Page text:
Alamosa

National Wildlife Refuge - Colorado

The Alamosa National Wildlife Refuge is located in the San Luis Valley along the east side of the Rio Grande approximately 8 miles (13 km) southeast of Alamosa, Colorado. The site consists of wet meadows, river oxbows and riparian corridor primarily within the flood plain of the Rio Grande, and dry uplands vegetated with greasewood and saltbush. These areas support a small but rich biodiversity including songbirds, water birds, raptors, red fox, mule deer, black bear, beaver and coyotes.

location

brochures

Brochure of Alamosa National Wildlife Refuge (NWR) in Colorado. Published by the U.S. Fish & Wildlife Service (USFWS).Alamosa - Brochure

Brochure of Alamosa National Wildlife Refuge (NWR) in Colorado. Published by the U.S. Fish & Wildlife Service (USFWS).

Hunting and Fishing brochure of Alamosa National Wildlife Refuge (NWR) in Colorado. Published by the U.S. Fish & Wildlife Service (USFWS).Alamosa - Hunting and Fishing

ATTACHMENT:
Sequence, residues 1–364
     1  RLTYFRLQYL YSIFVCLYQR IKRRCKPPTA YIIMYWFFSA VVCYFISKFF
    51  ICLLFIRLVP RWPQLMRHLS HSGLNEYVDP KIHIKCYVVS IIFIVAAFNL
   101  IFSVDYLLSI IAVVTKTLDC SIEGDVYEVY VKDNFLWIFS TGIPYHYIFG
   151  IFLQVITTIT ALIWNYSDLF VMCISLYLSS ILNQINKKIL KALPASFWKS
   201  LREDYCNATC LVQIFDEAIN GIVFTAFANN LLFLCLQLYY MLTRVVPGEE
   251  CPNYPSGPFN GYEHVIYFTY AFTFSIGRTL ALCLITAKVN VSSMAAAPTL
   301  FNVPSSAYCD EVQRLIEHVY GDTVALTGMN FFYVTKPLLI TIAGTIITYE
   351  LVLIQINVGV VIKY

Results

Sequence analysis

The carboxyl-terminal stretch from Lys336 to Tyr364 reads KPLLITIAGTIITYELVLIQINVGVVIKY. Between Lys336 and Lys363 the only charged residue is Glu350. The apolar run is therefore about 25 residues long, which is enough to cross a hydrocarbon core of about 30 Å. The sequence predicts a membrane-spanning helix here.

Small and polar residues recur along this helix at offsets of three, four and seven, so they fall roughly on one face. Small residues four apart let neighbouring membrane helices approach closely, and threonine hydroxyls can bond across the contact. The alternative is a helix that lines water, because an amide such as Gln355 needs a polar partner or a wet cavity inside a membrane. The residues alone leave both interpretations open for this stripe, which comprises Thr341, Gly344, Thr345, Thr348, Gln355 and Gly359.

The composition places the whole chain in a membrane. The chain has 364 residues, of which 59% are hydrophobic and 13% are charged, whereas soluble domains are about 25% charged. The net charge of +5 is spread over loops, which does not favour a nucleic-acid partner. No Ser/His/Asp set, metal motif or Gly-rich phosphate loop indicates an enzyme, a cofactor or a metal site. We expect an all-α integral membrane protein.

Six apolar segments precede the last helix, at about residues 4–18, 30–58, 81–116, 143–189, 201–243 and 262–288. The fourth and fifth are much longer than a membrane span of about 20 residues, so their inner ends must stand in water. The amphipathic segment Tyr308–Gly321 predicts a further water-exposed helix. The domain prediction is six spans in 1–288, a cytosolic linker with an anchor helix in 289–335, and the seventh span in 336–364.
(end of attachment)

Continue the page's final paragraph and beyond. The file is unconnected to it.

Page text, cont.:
Hunting and Fishing brochure of Alamosa National Wildlife Refuge (NWR) in Colorado. Published by the U.S. Fish & Wildlife Service (USFWS).

Rio Grande River Trail brochure at Alamosa National Wildlife Refuge (NWR) in Colorado. Published by the U.S. Fish & Wildlife Service (USFWS).Alamosa - Rio Grande River Trail

Rio Grande River Trail brochure at Alamosa National Wildlife Refuge (NWR) in Colorado. Published by the U.S. Fish & Wildlife Service (USFWS).

Wildlife of Alamosa National Wildlife Refuge (NWR) in Colorado. Published by the U.S. Fish & Wildlife Service (USFWS).Alamosa - Wildlife

Wildlife of Alamosa National Wildlife Refuge (NWR) in Colorado. Published by the U.S. Fish & Wildlife Service (USFWS).

Alamosa NWR https://www.fws.gov/refuge/alamosa https://en.wikipedia.org/wiki/Alamosa_National_Wildlife_Refuge The Alamosa National Wildlife Refuge is located in the San Luis Valley along the east side of the Rio Grande approximately 8 miles (13 km) southeast of Alamosa, Colorado. The site consists of wet meadows, river oxbows and riparian corridor primarily within the flood plain of the Rio Grande, and dry uplands vegetated with greasewood and saltbush. These areas support a small but rich biodiversity including songbirds, water birds, raptors, red fox, mule deer, black bear, beaver and coyotes.

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